Have either of you tried this programming box with the Turnigy Trackstar 1/18 ESCs? The documentation on the HobbyKing site is confusing (it says Turnigy Trackstar but then says EZRun in parenthesis- and these are not the same ESC). But if it really works with the Trackstar ESCs it would be worth the investment in $$.



I haven’t tried that one, but ya, it does sound promising. :smiley:


This is my first foray into ESC programming.

Is anyone familiar with the Castle Creations Field Link Programming Card and would it work on our Turnigy ESCs?


Hi Erika:

I tried once to use a Castle Creations programmer to program a Turnigy ESC- it didn't work.

This thread had drifted towards the Turnigy Trackstar 1/18 ESCs, which are *NOT* the ESCs shipped with the kits. The kits have Hobbywing EZRUN ESCs. I believe that this is the programmer you need for those- at least this sure looks like the programmer that I have.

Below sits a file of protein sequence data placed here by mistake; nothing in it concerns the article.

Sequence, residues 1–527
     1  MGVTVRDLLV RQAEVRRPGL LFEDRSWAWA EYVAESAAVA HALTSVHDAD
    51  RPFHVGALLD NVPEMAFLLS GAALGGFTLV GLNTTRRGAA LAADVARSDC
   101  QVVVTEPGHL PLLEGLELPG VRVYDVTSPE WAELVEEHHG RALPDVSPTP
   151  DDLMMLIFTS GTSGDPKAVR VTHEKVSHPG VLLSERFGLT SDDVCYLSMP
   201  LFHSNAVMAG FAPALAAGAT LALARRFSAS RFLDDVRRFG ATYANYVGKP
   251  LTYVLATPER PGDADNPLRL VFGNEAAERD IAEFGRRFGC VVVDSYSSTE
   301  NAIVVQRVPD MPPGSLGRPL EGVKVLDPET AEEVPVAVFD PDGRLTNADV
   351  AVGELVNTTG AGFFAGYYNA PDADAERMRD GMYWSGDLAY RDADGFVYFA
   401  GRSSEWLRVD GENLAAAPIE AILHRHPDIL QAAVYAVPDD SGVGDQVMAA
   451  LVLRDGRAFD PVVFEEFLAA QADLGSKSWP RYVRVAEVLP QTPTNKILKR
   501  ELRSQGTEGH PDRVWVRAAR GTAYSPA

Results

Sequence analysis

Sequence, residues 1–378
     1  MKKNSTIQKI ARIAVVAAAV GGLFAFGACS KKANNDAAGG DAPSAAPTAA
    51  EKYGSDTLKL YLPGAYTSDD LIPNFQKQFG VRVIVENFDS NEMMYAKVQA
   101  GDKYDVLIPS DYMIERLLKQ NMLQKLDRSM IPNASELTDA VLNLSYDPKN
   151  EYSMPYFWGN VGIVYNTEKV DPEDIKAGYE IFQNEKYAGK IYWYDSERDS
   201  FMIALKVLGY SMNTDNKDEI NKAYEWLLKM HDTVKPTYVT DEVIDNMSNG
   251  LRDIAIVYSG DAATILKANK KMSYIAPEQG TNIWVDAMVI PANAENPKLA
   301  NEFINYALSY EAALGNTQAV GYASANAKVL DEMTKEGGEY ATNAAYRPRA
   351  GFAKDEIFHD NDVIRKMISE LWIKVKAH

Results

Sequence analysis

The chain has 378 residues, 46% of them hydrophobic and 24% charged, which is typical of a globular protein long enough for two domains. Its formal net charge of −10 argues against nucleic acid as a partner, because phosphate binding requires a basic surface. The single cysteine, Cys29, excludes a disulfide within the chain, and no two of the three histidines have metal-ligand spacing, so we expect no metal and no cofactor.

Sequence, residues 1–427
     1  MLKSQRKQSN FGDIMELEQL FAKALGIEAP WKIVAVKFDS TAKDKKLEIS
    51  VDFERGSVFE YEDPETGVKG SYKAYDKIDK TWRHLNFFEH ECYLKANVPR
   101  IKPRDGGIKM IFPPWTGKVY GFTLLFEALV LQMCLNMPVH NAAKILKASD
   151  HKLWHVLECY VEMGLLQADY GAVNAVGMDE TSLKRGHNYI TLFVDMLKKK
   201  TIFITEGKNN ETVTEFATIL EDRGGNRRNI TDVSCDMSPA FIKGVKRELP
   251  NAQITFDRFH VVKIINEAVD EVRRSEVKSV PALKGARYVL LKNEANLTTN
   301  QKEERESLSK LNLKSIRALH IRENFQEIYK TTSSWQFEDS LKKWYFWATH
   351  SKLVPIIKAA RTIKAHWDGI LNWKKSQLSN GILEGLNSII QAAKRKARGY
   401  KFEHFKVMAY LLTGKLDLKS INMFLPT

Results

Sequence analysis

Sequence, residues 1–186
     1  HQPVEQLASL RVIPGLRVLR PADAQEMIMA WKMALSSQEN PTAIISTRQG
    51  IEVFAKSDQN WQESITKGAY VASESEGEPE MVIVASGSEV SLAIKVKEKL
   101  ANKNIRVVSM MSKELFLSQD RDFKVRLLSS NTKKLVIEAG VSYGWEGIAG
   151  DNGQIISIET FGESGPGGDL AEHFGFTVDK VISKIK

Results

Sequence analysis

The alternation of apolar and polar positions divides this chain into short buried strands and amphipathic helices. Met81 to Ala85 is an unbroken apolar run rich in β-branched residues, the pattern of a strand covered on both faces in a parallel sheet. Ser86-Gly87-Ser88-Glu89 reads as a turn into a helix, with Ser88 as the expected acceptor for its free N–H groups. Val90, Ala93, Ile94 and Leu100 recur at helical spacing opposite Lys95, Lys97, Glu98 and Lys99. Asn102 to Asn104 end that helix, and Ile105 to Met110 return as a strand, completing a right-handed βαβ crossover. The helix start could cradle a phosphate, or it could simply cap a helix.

You don't necessarily need the programmer for the ESCs; it can be done manually. But it does save a bunch of time and frustration.



Hi Walt,

I´m using this ESC´s also, and as Darcy wrote it is difficult to program this.

I tried it with this programming card:

But the better way is to program with the "beep-beep".

I used the parameters which also uses David Murphy, but it is still not working well.

1- 3 (forward/brake/reverse)

2 - 1 (25% braking power)

3 - 4 (all power in reverse)

4 - 1(high acceleration limiting)

5 - 1 (drag brake disabled)

6 - 5 (smallest) throttle dead band

7 - 1 (none) no low voltage cutoff

8 - 1 (lowest) motor timing

I have the problem that port engine starts later than the starboard engine. They also start with delay to button press.

What is meant by this setting?

Maybe it's due to the power supply, I use a converted ATX power supply.
Any ideas?


Hello Bernhard.
I observed at tests, that if you to put deadzone min. and max to zero, no longer have time difference between port engine startup and Starboard engine.
I had the same problem, so I got it.
And even if there acaeadiferenta is very small and I could not see it with the eye.